Who Are the Pakistani Taliban?

Group behind the Peshawar school attack that has claimed more than 100 lives has close ties to Al-Qaida and has pledged allegiance to the leader of the Afghan Taliban.

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An archive photo of Pakistani Taliban commander Hakimullah Mehsud, who was killed in a U.S. drone strike in northwest Pakistan on November 1, 2013.
An archive photo of Pakistani Taliban commander Hakimullah Mehsud, who was killed in a U.S. drone strike in northwest Pakistan on November 1, 2013.Credit: AFP

Pakistan is mired in several parallel conflicts, including the Taliban Islamist insurgency, in which at least 50,000 people have died since 2004.
The Pakistani Taliban are basically a coalition of various groups led by local strongmen in Pakistan's lawless tribal region.

Formally known as the Tehrik-i-Taliban Pakistan (TTP), the coalition has close ties to Al-Qaida and has pledged allegiance to Mullah Omar, the supreme leader of the Afghan Taliban.

Various Pakistan radicals have continued to support the Afghan Taliban movement since the 2001 U.S.-led invasion in Afghanistan. But in 2007, a local tribal strongman, Baitullah Mehsud, formed a loose coalition of 13 groups and called it the TTP.

The objective was to form an alliance against the NATO-led foreign forces in Afghanistan as well as the Pakistan Army.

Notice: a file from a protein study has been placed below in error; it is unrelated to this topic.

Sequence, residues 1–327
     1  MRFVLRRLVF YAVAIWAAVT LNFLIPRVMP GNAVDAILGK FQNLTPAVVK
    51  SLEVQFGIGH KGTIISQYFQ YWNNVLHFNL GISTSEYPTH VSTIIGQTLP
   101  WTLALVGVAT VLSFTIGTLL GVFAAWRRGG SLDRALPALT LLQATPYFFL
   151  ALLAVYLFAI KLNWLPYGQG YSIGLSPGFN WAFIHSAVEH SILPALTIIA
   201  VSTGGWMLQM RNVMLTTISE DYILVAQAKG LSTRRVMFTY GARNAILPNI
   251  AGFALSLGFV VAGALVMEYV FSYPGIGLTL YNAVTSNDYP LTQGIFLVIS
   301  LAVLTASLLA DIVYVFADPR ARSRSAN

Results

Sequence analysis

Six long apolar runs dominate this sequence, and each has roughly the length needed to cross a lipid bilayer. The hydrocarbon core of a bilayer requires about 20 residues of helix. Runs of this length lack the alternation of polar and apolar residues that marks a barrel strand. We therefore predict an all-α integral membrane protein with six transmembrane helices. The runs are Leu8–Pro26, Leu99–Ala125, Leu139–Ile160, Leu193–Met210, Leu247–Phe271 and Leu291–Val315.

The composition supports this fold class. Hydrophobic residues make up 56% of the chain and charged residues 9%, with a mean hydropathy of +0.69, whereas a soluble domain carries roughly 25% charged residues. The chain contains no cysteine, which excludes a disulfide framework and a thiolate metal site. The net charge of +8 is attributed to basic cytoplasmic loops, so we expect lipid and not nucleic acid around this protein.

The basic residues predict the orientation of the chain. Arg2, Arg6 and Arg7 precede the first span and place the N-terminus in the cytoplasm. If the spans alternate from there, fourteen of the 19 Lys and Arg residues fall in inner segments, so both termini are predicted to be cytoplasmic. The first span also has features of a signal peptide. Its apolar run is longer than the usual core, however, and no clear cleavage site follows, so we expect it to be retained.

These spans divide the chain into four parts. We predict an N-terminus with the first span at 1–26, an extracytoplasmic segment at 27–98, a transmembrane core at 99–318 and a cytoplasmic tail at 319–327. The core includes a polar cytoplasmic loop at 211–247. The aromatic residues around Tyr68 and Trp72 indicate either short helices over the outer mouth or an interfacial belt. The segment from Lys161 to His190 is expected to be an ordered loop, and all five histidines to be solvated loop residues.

"Their primary target is the Pakistani state and its military," political analyst Raza Rumi said. "It wants sharia [Islamic law] to be imposed in Pakistan."

The South Asian Terrorism Portal calls the TTP "the deadliest among all indigenous militant outfits." It has launched many daring attacks on military and civilian installations, including the Karachi airport this year.

The estimated strength of the TTP is 30,000 to 35,000 fighters, the political analyst Ali Chisti said.

The group is banned in Pakistan, and it was designated a terrorist organization by the United States in 2010.

Since the beginning, the organization has kept breaking into different factions along tribal lines and leadership. Infighting has killed several of its top leaders.

Last year, then-TTP leader Hakimullah Mehsud was killed in a US drone strike. Mullah Fazlullah took over the leadership, which split the Taliban into at least four groups.

Prime Minister Nawaz Sharif's government in Pakistan tried to initiate talks with the TTP last year, which did not succeed.

The Pakistani military started an air and ground operation in June against the TTP and its hideouts in the tribal areas.  

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